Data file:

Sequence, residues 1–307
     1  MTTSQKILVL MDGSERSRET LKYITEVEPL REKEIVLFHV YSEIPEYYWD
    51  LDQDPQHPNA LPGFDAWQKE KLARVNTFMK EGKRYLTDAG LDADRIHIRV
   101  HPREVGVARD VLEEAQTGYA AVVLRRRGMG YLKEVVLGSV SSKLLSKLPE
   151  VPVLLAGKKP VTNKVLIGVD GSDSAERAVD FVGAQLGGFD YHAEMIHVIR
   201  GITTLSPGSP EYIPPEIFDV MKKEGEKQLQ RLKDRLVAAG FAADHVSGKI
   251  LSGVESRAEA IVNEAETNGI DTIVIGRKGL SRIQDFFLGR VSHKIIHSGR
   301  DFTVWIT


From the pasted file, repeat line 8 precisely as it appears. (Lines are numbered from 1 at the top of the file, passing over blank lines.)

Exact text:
   301  DFTVWIT